Yale recently defended its payment of high investment fees at time when other larger investors are using low cost, passive equity strategies. While Yale’s use of illiquid assets is partly the reason for the high fees, the debate really illustrates the rise of the private over public equity markets.
“Venture capital and leveraged buyouts present the greatest challenge, as the overwhelming demand for high-quality managers reduces the ability of limited partners to influence deal terms”
Said another way, the demand for talent (managers) exceeds the supply of money (investors). Some have argued the demand for venture capital and leverage buyout investments is driven by performance which has surpassed that of hedge funds since the 2007-2008 financial crisis.
Andrew Lo of MIT said:
“Fee negotiations really depend on the leverage that the parties have. Hedge fund managers have not been producing tremendously attractive returns, they are not going to have much leverage to negotiate better fees….
On the other hand, very successful venture capital companies and private equity companies have produced very attractive returns, and will have much more negotiating power.”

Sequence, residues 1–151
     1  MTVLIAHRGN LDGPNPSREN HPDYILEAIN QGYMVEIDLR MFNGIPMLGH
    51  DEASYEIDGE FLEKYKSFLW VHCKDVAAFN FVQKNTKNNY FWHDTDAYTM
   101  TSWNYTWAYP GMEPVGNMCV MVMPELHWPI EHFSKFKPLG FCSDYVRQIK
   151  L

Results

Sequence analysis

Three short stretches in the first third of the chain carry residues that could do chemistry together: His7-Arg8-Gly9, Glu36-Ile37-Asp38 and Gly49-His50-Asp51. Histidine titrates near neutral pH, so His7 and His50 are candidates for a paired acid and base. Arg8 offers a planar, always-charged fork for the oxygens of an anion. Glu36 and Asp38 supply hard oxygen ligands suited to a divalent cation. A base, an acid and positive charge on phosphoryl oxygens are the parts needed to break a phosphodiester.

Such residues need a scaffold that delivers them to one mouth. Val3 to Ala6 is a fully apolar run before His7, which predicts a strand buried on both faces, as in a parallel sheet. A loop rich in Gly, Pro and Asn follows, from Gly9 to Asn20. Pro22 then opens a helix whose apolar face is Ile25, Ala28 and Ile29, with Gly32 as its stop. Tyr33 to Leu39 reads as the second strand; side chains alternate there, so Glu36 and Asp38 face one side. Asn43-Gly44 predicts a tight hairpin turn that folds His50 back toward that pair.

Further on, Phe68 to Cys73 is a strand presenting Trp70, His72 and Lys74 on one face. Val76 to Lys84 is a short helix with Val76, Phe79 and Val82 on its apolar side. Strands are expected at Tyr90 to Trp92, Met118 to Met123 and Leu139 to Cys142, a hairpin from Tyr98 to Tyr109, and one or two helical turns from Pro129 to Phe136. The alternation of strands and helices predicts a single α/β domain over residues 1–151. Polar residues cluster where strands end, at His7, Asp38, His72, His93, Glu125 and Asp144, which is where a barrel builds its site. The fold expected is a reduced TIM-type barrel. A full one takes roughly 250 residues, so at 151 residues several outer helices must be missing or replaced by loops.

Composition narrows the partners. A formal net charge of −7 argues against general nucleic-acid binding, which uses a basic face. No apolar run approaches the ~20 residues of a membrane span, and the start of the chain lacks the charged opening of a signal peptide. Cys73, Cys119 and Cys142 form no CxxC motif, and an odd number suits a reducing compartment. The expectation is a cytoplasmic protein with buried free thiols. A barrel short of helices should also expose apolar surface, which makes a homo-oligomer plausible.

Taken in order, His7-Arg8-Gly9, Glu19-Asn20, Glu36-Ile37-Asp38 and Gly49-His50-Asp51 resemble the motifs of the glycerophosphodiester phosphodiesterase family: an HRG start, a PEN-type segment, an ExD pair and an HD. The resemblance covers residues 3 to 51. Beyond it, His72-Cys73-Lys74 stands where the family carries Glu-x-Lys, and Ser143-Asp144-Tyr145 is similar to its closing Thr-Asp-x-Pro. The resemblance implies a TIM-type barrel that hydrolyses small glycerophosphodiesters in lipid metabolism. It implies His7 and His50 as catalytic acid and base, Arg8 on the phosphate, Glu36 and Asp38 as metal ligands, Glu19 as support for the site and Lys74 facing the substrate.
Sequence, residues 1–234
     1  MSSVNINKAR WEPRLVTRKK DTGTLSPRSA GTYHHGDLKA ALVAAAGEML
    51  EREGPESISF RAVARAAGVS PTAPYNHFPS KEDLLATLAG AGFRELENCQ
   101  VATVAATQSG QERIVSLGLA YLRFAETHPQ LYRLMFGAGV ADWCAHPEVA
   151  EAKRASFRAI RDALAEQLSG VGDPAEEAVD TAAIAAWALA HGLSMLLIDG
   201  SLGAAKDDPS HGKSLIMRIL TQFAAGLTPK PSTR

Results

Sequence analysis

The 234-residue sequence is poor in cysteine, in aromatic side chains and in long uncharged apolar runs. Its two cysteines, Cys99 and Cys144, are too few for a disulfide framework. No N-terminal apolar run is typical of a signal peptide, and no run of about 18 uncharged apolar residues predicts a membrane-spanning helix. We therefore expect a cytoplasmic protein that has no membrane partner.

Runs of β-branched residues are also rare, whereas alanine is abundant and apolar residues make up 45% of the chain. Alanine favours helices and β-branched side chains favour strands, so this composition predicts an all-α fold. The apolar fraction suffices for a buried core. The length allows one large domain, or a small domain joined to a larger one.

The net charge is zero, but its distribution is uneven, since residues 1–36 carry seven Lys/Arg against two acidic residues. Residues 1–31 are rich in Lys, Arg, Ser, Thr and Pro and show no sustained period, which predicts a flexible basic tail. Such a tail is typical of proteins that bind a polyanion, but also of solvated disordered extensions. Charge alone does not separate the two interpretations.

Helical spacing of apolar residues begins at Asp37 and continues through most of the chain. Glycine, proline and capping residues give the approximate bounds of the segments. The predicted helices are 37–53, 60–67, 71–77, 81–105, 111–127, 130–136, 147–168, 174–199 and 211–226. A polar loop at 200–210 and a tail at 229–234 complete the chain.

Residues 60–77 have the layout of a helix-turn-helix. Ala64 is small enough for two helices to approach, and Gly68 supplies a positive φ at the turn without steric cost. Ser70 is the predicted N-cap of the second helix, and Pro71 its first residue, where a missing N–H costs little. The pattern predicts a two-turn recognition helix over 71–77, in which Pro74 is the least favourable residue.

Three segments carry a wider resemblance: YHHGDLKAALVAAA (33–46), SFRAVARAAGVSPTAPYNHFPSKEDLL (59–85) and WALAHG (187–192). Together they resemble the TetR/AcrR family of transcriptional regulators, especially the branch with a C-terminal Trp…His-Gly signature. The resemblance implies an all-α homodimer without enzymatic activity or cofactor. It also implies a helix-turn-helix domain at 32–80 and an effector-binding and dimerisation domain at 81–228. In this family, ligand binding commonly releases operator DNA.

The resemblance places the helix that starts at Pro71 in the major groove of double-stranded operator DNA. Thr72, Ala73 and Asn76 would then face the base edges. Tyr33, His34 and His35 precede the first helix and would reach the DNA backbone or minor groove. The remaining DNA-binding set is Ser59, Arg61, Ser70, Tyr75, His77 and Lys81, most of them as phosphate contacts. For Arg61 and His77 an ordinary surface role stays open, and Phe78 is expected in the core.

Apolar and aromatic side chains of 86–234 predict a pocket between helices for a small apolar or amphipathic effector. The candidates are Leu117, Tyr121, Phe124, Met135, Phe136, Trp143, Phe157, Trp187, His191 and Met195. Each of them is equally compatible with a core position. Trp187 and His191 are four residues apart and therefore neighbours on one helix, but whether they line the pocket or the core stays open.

The demise of hedge funds signals the decline of public equity markets. With the rise of information, technology, and hedge funds, public equity markets have become so liquid that there is little chance for most to outperform the market.
Kenneth Griffin of Citadel reflected this week on the state of the hedge fund industry…
“It’s harder to create alpha today, there’s more competition, there’s a lot of very sharp people trying to find opportunities in the market place. This is causing some of the second-tier players to fall by the wayside.”
Unlike public markets, it is difficult for most to access the illiquid, private markets. Rather than paying for performance, Yale could be paying high fees simply to access the deal flow of venture capital and leverage-buyout firms.